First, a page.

Thank you for your letter to the CSP Executive Committee dated March 22, 2016 in which you responded to our questions regarding funding for the state budget and other concerns about mental health services in our community. We appreciate your candidness and your promise to support and advocate for increased funding to meet the mental health needs of thousands of individuals and families in Montgomery County.

The CSP Advocacy Subcommittee reviewed your letter and had some follow up questions and comments. On behalf of the Advocacy Subcommittee, below are the comments and some answers to the questions you raised in your letter:

1. We acknowledge that this year’s state budget did not include the restoration of the 10 percent cuts to mental health. Will you and your colleagues support the 10 percent restoration of funds in the FY2016-17 budget?
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2. In response to the waiting time to see psychiatrists, there is definitely a shortage of psychiatrists in part due to the fact that there are not enough future doctors choosing the field of psychiatry. We suggest that a partial solution to this shortage is for providers to hire more nurse practitioners who can prescribe medications until individuals have access to the doctor. Mental health agencies will need more money to cover the increase in staff but this would reduce prison and hospital stays and reduce costs. Regarding tele-medicine, we advocate for the urban and suburban areas to continue with face-to-face meetings to ensure the quality of assessments and diagnoses. Tele-medicine should be saved for rural areas where transportation to doctor’s offices can be difficult, for homebound individuals if mobile treatment teams aren’t available, and during a crisis situation where time is of the essence. We are pleased to see that you agree that transition between jails/hospitals and the community needs improvement. Warm hand-offs are a viable solution and can be facilitated by transition teams that include peers and are connected with mental health agencies. The CSP Committee will work with our county mental health administrators to develop ideas and details to present to you in the future.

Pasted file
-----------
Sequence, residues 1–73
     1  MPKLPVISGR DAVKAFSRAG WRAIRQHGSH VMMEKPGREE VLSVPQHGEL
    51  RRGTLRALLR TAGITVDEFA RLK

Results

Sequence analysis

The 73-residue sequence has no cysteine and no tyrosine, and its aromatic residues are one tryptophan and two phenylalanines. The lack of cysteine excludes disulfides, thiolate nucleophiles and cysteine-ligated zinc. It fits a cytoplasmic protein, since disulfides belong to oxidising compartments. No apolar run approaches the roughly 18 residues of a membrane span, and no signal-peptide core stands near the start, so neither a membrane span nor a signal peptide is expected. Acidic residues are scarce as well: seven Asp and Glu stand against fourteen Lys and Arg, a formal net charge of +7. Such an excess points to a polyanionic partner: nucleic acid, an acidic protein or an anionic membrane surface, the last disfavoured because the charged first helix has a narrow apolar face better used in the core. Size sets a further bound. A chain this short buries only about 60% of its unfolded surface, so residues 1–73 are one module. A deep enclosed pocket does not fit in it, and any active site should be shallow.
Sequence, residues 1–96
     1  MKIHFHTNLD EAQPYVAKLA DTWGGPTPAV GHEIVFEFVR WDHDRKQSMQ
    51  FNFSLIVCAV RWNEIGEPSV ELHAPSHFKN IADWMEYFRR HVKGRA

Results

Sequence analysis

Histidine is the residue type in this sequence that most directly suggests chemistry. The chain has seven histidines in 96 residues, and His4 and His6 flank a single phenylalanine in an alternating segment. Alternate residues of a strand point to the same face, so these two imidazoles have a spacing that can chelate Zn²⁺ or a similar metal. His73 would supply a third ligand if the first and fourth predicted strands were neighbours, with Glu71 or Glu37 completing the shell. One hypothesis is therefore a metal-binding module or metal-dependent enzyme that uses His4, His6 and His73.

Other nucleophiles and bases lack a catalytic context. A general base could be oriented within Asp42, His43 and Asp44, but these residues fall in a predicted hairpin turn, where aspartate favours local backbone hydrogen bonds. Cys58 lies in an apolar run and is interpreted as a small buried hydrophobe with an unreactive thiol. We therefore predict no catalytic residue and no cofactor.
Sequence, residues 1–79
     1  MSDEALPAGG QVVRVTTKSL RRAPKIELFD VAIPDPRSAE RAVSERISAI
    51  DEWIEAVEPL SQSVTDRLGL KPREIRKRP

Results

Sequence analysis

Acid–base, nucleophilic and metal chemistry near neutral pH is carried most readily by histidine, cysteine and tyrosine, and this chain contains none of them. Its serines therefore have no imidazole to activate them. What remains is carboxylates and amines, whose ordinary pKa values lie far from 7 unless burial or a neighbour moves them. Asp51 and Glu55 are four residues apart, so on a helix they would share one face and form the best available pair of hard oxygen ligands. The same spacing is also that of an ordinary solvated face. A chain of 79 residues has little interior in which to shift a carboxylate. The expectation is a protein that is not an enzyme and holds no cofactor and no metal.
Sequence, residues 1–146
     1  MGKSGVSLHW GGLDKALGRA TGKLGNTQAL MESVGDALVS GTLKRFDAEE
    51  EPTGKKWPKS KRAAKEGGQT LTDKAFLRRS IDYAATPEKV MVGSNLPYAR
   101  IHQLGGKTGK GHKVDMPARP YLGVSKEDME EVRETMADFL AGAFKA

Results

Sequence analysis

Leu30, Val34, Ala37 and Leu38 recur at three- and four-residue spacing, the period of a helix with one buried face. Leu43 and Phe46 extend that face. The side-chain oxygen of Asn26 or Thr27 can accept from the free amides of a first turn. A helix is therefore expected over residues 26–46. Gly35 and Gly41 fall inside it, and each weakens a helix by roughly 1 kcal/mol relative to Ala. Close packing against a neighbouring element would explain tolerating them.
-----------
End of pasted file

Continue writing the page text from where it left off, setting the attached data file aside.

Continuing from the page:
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3. Have you received any response from the Judiciary Committee regarding improvement in services for individuals who have mental health and justice related issues?

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4. Thank you for supporting and advocating for more transportation services like Transnet. Transportation has been an issue for decades and as more individuals with disabilities live in the community, the greater the need has become for transportation assistance.

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5. Our CSP Committee which includes our county advocacy organizations, is dedicated to educating and partnering with community members to bring awareness of and change to the laws and policies that affect the daily lives of people living with mental health disabilities so that we can all live and work together as contributing citizens of Pennsylvania.

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Thank you for your support and making sure our voices are heard.